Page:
Probe Microscopy (atomic force and micro-thermal analysis), and
© by M O R A N A RTD d.o.o.
controlled environment Mechanical Analysis
(DMA). It is part of the work that was performed
within the framework of the IDAP project
“Improved Damage Assessment of Parchment”
where over 100 accelerated aged and archival
samples were studied. 1,2 The rationale for using a
range of analytical techniques in the IDAP project
was based on the fact that collagen has a hierarchical structure and the objective was to determine
whether damage could be observed at different
structural levels. Previous studies using FTIR on
historical collagen containing material, the Dead
Sea scrolls, measured differences in intensities
and positions of amide I and amide II absorbances
and this was taken as an indication of the extent of
collagen degradation. 3 In the IDAP project and the
data reported in this paper the approach used for
archival parchment has been to focus on the
amide I region of the spectra. The rationale for this
was to avoid the problems of influences from inorganic additives. The amide I region can be
resolved into non-equivalent amide carbonyls
present in the triple helix of collagen; one within
the triple helix and capable of intramolecular
hydrogen bonding at 1660 cm -1 and the other at
1630 cm -1 directed outwards in the triple helix and
capable of intermolecular hydrogen bonds with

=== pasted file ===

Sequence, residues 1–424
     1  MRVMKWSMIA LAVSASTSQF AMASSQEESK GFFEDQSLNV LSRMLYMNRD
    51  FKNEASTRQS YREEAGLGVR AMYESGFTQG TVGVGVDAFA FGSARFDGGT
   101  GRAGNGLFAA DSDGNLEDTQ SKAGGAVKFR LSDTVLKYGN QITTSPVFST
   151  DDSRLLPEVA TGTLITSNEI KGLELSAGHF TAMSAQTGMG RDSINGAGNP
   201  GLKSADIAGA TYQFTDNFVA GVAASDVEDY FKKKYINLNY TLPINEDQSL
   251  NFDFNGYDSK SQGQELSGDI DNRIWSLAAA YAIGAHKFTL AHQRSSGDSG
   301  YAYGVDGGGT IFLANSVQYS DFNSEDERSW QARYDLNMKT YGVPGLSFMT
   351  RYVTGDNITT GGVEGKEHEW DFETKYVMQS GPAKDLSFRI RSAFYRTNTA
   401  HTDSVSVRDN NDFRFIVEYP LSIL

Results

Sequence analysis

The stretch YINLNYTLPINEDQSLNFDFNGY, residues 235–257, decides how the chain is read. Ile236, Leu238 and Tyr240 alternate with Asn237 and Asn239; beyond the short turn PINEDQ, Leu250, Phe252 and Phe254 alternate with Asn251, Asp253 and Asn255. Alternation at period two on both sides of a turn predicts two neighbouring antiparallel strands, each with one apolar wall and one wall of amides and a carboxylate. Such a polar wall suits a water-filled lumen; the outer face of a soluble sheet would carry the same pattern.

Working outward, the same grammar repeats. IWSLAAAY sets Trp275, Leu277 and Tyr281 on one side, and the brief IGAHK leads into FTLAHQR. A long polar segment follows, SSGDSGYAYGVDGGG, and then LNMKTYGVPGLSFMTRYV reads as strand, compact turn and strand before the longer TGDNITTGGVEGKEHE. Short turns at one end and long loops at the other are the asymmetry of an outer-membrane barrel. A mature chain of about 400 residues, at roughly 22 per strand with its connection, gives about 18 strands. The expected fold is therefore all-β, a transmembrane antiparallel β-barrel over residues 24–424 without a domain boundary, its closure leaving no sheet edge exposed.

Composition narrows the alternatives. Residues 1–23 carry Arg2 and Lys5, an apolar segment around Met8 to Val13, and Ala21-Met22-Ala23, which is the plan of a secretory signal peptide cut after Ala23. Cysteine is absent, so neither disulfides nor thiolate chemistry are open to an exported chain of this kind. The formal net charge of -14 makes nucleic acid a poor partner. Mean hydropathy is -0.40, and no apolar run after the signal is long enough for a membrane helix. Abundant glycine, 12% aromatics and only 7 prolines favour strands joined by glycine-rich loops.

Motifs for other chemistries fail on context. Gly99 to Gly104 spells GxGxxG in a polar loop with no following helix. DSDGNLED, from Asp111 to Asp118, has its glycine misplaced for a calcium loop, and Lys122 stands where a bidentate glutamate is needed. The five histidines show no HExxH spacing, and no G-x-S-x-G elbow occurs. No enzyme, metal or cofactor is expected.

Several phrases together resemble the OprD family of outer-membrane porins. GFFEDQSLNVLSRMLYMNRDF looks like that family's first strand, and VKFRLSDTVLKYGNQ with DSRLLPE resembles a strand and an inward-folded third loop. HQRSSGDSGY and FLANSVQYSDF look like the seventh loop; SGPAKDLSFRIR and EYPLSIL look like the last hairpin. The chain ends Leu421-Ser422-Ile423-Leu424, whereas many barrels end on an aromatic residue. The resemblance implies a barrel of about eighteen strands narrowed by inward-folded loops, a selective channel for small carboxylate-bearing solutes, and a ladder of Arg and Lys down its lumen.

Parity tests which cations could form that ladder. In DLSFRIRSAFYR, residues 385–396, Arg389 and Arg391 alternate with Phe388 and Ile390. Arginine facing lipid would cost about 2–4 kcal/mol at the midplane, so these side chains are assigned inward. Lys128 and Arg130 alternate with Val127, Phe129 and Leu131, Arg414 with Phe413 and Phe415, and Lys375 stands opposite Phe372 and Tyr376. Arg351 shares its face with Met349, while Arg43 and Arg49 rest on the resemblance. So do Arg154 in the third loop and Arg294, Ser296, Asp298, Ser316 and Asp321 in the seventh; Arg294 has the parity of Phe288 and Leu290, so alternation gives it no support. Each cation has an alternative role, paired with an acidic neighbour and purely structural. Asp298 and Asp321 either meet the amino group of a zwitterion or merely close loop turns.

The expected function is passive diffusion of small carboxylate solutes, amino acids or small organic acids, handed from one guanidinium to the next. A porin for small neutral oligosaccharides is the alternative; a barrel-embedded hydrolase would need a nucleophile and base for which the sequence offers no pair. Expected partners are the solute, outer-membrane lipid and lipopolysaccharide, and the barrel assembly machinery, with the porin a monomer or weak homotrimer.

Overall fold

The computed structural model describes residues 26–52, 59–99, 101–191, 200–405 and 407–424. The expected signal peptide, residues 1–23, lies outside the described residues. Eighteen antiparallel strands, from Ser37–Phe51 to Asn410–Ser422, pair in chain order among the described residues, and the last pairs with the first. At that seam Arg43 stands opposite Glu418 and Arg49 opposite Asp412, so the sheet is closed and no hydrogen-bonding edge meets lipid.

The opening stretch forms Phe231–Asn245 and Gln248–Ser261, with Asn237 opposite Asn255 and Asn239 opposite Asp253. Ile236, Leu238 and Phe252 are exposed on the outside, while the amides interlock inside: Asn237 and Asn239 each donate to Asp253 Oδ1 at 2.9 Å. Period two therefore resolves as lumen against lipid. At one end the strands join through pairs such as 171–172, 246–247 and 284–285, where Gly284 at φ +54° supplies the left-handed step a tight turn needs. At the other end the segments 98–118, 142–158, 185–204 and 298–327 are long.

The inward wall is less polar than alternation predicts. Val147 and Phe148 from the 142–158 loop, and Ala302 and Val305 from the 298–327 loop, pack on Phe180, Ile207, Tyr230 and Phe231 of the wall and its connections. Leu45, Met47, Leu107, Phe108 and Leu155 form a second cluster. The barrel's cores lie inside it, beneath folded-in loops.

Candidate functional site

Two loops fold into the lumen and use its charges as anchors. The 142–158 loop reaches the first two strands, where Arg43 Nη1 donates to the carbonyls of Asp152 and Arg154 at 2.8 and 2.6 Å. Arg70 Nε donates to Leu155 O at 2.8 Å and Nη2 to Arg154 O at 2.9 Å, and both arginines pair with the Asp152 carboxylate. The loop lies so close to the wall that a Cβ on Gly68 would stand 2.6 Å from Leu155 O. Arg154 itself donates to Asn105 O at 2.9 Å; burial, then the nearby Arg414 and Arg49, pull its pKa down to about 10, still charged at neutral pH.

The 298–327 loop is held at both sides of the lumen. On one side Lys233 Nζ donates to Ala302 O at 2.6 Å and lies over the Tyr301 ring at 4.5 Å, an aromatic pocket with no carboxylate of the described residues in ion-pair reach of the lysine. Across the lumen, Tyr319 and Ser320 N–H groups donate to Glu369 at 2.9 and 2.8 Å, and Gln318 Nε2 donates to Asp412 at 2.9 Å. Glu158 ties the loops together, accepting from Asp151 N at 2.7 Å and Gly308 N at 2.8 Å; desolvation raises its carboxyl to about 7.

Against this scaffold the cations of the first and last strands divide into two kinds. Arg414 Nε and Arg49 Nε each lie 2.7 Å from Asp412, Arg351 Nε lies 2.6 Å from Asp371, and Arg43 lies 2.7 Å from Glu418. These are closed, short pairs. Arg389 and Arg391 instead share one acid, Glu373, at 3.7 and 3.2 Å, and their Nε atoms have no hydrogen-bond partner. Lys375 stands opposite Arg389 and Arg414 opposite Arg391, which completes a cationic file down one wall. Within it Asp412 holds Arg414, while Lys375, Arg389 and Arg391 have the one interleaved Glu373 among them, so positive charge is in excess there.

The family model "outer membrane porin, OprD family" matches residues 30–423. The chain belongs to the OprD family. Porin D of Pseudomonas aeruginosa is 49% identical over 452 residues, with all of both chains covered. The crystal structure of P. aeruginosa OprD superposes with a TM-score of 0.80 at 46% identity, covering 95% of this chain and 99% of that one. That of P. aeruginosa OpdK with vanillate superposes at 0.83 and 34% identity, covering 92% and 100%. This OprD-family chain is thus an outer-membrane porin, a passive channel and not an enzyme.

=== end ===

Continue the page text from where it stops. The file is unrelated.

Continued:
water molecules. 3 Significant changes in the peak
height ratio of 1660/1630 cm -1 have been associated with severe degeneration of the collagen
triple helical structure. 4
With regard to the mechanical properties of parchment previous studies in the project Microanalysis
of Parchment (MAP) focused on immersion of
parchment in water and the measurement of creep
as temperature increased to shrinkage temperature values. 5 In the IDAP project and the data presented in this paper the dimensional behaviour of
parchment under an increasing and controlled RH
is reported. 1
The application of micro-thermal analysis to parchment follows on from some preliminary work in the
MAP project using micro-thermal analysis. 6 MicroTA showed differences in thermal behaviour in
parchment on the micron-scale in terms of the
number and the temperature range of the
observed transitions. Atomic force microscopy
(AFM) was used for the first time in the IDAP project to study collagen fibril structure in parchment
and to assess damage. 1,7 In other areas of
research it has been extensively used to study collagen from different tissues of the mammalian
body such as rat tail collagen and bone. 8 One of
the main outcomes from the AFM studies on
parchment in the IDAP project is the observation
that variations in the extent of the banded fibril
structure was an indicator of damage. 1,7
Furthermore the absence of this structure could be
linked with gelatinization, as indicated by shrinkage temperature measurements, 2 and the lack of
dimensional response in parchment to changes in